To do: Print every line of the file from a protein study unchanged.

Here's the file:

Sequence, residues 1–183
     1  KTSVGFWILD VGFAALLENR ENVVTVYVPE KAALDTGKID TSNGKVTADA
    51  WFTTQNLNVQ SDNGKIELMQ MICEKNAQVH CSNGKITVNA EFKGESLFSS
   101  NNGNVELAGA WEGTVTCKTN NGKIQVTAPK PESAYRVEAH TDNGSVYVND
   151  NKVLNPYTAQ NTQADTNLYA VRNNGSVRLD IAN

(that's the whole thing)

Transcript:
Sequence, residues 1–183
     1  KTSVGFWILD VGFAALLENR ENVVTVYVPE KAALDTGKID TSNGKVTADA
    51  WFTTQNLNVQ SDNGKIELMQ MICEKNAQVH CSNGKITVNA EFKGESLFSS
   101  NNGNVELAGA WEGTVTCKTN NGKIQVTAPK PESAYRVEAH TDNGSVYVND
   151  NKVLNPYTAQ NTQADTNLYA VRNNGSVRLD IAN